In preparation for the Olympic Games of 1992, Barcelona’s seafront and port were transformed from a neglected industrial area into one of the most attractive waterfronts in Europe.
The whole area was given a facelift and a new marina was built, as well as apartment buildings to house the athletes. The old railway tracks that ran along the coast were torn up and replaced by parks and a promenade. Finally, hundreds of tons of sand were shipped in from Egypt to create four kilometres of sandy beaches.
The new promenade was decorated with a collection of sculptures by notable international artists, including Frank Gehry, Roy Lichtenstein and Javier Mariscal. Perhaps the most enigmatic of them is A Room Where it Always Rains (Catalan: Una habitació on sempre plou) by Spanish artist Juan Muñoz.
Approaching from Passeig de Juan d Borbò, the sculpture looks like a long-abandoned aviary tucked away amidst a group of four large trees. As you get closer, you realise that the rusty cage contains five bronze figures wearing long raincoats.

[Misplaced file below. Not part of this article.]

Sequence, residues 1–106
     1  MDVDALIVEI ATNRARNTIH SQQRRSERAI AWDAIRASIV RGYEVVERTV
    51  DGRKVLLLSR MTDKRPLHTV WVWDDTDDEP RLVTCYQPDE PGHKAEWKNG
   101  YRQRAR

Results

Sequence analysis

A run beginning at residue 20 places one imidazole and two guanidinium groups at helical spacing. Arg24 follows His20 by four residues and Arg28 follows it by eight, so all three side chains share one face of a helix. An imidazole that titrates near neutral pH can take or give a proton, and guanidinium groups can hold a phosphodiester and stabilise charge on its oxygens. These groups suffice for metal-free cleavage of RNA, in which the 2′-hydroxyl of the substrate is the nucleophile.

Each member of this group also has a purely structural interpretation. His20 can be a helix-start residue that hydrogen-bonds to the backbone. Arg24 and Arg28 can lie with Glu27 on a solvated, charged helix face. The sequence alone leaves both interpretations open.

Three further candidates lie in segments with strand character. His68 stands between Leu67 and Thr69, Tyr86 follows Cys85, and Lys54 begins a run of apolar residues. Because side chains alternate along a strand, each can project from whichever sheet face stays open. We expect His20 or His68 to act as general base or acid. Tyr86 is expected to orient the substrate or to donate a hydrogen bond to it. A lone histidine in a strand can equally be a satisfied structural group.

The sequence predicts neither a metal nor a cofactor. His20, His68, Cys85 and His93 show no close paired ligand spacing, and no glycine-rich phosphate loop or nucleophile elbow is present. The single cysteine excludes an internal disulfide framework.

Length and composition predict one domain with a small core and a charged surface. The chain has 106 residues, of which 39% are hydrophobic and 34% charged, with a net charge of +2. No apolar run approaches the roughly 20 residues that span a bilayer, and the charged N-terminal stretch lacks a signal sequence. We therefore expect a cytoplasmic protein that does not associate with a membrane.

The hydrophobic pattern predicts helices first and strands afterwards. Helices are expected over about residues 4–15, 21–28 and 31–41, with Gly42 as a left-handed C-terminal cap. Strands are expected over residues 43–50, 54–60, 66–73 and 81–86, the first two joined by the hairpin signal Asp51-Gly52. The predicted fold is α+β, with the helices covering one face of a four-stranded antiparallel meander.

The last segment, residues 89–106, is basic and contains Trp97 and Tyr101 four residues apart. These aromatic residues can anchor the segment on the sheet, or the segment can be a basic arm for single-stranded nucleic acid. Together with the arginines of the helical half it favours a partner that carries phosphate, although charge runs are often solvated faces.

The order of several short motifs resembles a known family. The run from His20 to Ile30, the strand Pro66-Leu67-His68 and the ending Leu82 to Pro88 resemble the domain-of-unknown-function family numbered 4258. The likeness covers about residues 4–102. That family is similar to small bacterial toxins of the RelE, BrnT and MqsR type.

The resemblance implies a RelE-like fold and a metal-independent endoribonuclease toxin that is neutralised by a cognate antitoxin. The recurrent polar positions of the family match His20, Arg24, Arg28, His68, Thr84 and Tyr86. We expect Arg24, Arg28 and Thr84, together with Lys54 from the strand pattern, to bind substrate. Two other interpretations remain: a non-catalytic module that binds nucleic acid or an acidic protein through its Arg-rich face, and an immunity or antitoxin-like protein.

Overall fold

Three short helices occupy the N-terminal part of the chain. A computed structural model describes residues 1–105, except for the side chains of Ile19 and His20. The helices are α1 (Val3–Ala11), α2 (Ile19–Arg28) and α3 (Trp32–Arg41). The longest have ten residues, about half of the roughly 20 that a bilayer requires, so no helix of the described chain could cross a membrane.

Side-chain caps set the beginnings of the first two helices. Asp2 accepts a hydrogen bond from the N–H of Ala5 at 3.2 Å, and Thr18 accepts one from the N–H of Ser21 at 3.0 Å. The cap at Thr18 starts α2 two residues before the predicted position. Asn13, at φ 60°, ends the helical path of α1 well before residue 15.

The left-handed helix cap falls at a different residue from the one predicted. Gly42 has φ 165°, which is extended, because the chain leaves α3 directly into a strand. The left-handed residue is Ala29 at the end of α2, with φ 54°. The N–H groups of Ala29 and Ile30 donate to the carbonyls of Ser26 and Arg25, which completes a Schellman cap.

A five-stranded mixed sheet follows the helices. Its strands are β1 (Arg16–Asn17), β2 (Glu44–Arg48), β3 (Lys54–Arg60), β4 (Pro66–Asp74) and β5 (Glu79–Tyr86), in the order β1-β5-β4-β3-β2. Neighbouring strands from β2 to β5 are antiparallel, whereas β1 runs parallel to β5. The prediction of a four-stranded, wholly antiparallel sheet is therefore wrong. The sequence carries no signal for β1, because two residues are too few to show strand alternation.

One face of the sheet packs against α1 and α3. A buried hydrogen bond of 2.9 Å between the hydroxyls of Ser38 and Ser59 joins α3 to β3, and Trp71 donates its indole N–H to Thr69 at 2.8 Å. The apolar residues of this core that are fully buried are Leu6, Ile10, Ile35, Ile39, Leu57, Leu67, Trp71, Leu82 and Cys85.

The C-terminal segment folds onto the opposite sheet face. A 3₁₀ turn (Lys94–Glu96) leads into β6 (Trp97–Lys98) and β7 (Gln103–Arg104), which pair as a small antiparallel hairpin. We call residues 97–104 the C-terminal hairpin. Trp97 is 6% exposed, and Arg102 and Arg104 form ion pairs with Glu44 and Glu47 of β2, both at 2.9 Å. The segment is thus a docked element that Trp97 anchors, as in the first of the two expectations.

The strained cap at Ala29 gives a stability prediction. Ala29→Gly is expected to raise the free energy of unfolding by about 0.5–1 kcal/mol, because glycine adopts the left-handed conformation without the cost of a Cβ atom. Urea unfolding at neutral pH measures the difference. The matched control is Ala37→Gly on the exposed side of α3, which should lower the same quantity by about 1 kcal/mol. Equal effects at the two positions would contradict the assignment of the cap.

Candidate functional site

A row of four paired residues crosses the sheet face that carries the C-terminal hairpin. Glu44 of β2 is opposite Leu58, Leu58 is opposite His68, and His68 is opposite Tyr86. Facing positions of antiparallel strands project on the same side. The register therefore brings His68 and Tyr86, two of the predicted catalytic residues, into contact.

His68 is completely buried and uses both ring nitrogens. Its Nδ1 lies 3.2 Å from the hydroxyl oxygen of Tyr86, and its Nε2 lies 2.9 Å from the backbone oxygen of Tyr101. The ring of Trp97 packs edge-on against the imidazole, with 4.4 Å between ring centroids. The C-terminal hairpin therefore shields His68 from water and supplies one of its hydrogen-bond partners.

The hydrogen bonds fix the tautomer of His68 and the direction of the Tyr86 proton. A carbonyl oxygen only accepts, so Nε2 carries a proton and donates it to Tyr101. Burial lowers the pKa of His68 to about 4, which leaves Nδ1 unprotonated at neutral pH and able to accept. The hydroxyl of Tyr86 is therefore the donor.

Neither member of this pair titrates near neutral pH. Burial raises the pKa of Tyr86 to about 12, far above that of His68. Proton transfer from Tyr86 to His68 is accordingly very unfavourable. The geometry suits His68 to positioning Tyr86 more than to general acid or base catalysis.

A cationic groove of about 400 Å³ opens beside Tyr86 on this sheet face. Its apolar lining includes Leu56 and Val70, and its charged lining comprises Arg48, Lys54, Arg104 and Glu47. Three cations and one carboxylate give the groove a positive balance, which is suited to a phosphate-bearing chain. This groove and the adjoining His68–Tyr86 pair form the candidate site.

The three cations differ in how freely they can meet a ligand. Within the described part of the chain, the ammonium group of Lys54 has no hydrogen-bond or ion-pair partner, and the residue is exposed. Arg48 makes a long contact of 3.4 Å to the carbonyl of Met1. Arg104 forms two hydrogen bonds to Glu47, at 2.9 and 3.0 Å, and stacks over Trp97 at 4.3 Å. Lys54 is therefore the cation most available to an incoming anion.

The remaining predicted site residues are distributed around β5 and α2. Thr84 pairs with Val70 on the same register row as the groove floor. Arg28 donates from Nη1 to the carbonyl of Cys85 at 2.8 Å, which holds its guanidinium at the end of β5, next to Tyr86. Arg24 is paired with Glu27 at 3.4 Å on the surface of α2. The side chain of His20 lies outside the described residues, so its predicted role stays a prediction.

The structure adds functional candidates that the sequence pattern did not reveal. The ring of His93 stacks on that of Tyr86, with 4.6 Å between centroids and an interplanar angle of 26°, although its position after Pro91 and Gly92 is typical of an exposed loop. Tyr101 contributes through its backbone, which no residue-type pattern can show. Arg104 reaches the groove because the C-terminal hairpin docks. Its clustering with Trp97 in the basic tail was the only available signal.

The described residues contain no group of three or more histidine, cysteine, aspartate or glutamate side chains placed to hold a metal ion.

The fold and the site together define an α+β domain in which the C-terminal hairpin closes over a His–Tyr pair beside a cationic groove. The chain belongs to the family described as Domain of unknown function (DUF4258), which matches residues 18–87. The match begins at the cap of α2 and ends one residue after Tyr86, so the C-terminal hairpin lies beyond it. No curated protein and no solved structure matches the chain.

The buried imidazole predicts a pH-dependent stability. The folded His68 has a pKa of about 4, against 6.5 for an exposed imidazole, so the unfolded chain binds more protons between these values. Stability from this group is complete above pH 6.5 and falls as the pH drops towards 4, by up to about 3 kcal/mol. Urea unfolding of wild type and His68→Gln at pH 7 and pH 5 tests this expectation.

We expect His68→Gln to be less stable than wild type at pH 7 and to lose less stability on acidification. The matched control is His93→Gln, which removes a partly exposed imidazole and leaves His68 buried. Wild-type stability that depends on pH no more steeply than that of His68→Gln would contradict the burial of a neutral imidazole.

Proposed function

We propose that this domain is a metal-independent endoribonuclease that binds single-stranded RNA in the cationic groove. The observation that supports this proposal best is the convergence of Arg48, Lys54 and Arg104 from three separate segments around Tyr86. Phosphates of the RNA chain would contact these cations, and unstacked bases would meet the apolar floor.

Finally, as you peer through the bars of the cage, you see the figures’ expressionless faces. Their empty eye sockets staring blankly past each other. A reflection, perhaps, of the isolation of the individual from those around them and a metaphor for modern-day society?
About the artist
Spanish artist Juan Muñoz was born in Madrid in 1953. At the age of 17, he moved to London, where he studied art at the Central College of Art and Design and the Croydon College of Art. In 1982, he went to New York on a Fulbright scholarship before returning to Spain, where he opened his own studio.
Muñoz is best known for his mysterious groups of humanoid sculptures, which have been described by critics as being post-narrative in style. He described himself as a storyteller and, in addition to paintings and sculptures, created pieces of audio, including A Man in a Room Gambling, as well as experimenting with animatronics.
In 2001, Muñoz died suddenly of a heart attack; he was just 48 years old. An obituary in the Guardian newspaper described him as “the most significant of the first generation of artists to reach maturity in post-Franco Spain”. His best-known works include The Wasteland, Double Blind and A Room Where It Always Rains.
Plaça del Mar s/n, Barcelona
How to get there
A Room Where it Never Rains is located in Plaça del Mar in front of La Barceloneta and Sant Sebastià beaches.
The nearest metro stop is Barceloneta on the yellow line L4.
Other attractions nearby
- La Barceloneta (neighbourhood and beach)
- Homage to Swimming by Alfredo Lanz (sculpture)
- The Wounded Star (L’Estel Ferit)
- The port cable car
- El Peix by Frank Gehry